On September 25, 2015, the NYU Jordan Center for the Advanced Study of Russia welcomed Professor Nancy Condee for its 2015 Distinguished Lecture. Condee, who teaches Slavic and film studies and serves as director of the Global Studies Center at the University of Pittsburgh, delivered a talk titled “Property Rites: Russian Culture Today and the Politics of Seizure.”
“The distinguished lecture was established in order to showcase to ourselves what we consider to be the most interesting and innovative and truly impressive works coming out of the field,” Jordan Center Director Yanni Kotsonis said in his introduction. Before inviting Condee to take the stage, he highlighted Condee’s remarkable contributions to the field of Russian studies and praised her outstanding capacity “to situate film within other contexts and other contexts within film.”
Condee started her talk by remembering Professor Svetlana Boym, who had previously agreed to deliver the 2015 Distinguished Lecture but died over the summer. Condee read a passage by German philosopher Hans Jonas dedicated to the memory of Hannah Arendt. “Here was an intensity, an inner direction (…) even her errors were more worthwhile than the verities of lesser minds,” the passage read. “I think that that’s what many of us feel when we read Svetlana’s work,” Condee said.
In the first part of her lecture, the speaker focused on the notion of two seizures: the Pussy Riot performance in Moscow’s Cathedral of Christ the Savior in 2012 and the confiscation of the Yalta Film Studio in Crimea (owned by a Russian citizen) in 2014. After recalling the work by NYU Professor Eliot Borenstein on Pussy Riot for Calvert Journal, Condee proceeded to discuss the commonalities between the two seizures. In particular, she highlighted the masked appearance of the agents in both actions, also stressing how they both penetrated a space whose central function is the routine production of beliefs, and agitated views that were inimical to the site itself.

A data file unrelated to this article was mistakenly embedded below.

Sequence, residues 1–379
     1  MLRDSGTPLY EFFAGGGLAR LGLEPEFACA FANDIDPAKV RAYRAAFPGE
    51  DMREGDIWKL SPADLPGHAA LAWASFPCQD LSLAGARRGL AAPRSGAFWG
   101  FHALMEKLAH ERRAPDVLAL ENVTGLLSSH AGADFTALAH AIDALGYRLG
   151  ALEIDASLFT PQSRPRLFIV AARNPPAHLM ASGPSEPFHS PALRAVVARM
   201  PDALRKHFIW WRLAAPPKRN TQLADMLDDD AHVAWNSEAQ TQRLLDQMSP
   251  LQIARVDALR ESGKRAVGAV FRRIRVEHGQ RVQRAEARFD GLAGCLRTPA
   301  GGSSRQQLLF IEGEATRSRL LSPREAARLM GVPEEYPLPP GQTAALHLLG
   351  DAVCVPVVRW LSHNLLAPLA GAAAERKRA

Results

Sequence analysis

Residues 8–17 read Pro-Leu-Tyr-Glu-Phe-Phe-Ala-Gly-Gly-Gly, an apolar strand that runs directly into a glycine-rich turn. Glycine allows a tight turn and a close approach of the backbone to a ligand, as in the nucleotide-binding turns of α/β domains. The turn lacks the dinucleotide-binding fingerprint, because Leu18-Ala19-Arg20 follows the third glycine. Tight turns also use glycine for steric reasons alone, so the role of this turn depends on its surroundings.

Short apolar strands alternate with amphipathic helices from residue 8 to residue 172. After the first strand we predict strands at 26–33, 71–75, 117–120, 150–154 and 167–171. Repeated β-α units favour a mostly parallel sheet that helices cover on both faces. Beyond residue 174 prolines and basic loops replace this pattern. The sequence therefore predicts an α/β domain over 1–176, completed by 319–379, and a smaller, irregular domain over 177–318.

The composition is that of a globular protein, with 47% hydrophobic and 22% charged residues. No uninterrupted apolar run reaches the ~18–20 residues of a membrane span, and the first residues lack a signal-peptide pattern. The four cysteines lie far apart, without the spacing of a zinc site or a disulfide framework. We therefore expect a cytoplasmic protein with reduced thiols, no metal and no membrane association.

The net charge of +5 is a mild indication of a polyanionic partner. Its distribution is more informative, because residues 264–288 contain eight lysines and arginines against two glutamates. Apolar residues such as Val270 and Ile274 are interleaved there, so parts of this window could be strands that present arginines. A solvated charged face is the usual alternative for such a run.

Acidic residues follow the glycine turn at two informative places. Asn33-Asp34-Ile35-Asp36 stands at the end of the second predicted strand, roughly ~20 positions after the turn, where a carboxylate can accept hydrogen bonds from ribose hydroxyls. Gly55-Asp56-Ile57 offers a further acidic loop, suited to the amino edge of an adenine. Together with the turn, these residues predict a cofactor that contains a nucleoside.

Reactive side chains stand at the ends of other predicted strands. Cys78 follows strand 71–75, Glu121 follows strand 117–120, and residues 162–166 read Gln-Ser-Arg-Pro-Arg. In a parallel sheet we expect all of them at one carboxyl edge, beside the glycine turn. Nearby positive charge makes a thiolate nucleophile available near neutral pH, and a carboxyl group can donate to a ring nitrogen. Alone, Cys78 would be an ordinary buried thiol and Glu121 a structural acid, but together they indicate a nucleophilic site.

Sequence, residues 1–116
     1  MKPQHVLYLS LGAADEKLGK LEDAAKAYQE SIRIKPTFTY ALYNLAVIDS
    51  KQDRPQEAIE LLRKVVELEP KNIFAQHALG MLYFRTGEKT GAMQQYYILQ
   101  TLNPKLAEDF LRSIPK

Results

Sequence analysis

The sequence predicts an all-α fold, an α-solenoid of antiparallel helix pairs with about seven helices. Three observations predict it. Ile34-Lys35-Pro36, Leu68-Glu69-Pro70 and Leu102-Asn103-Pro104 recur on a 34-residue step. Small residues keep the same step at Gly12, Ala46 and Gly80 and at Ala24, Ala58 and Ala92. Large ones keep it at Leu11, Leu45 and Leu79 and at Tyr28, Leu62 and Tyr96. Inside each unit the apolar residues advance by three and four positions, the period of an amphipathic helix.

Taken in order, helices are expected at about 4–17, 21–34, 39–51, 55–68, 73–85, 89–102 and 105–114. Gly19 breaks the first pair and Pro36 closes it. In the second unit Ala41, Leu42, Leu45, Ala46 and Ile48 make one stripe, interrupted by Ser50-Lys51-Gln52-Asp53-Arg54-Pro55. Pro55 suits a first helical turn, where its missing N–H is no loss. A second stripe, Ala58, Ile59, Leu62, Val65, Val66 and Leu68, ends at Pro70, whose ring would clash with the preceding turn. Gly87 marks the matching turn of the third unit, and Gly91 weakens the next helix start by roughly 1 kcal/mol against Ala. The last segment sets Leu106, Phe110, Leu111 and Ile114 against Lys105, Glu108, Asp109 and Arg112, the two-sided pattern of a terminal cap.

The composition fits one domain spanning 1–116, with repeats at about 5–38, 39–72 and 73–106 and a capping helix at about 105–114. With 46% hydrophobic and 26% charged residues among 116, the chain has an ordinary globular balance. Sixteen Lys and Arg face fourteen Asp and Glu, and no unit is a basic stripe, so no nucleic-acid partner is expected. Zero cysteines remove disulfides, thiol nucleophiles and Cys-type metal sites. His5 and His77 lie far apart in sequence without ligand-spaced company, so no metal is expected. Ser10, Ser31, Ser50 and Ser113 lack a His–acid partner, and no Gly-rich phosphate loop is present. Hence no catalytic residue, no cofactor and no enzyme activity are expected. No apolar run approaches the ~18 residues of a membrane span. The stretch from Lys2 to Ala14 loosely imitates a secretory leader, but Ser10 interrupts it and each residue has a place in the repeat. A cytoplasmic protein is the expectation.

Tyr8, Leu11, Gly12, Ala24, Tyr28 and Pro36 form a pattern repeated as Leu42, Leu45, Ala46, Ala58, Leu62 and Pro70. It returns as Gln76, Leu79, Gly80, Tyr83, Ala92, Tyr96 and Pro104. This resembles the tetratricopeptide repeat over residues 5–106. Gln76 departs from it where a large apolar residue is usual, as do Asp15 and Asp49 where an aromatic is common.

The parallel Condee drew allowed her to put forward a “provisional argument” according to which the punk performance exerts a major appeal in a context of seizure, namely because of its compatibility with the dominant tactics of state seizure and expropriation. “It’s a rich source of irony that the punk drama, which I want to think about as a raw declaration of eminent domain, occurs at the Cathedral—a site not only of an extraordinary active state vandalism but also two additional government demolitions in the 20th century,” she said, remembering the destruction of the same cathedral by the Soviets in 1931 and of the Moskva swimming pool that replaced it in 1994. Meanwhile, Condee also drew attention to the ideological value of the Yalta Film Studio as a physical object but also as an instrument of representation.
Subsequently, Condee moved to discuss a third seizure, focusing on the portrayal of property rights in relation to the state in Andrey Zvyagintsev’s 2014 film Leviathan. According to the professor, the message pushed forward by the director is much larger than mere anti-Putinism; also taking aim at the Russian Orthodox Church’s “assault upon the modest aims of secularism”. “Faithful to the Russian anti-clerical tradition, the film, as I see it, is a polemic against Russia’s contemporary neo-pietism that increasingly colludes to render property rights concessionary and revocable,” Condee said.
Condee’s discussion of Leviathan also allowed her to return to Pussy Riot, whose graffiti are notoriously featured in Zvyagintsev’s footage, and to expand on the origins of her own research. “There is an odd coincidence that first grabbed my interest in this connection between Pussy Riot and Svyagintsev,” she said, “and suggested that is not merely an undergraduate essay about similarities, but rather that there is something more global or more environmental that is happening that the two are a symptom of.” The coincidence she was referring to, she explained, is the use of a specific image—a mammoth excavator destroying a family home—in two different but related instances: in the closing trial statement of Pussy Riot member Maria Alyokhina in 2012 and in one of Leviathan’s key scenes.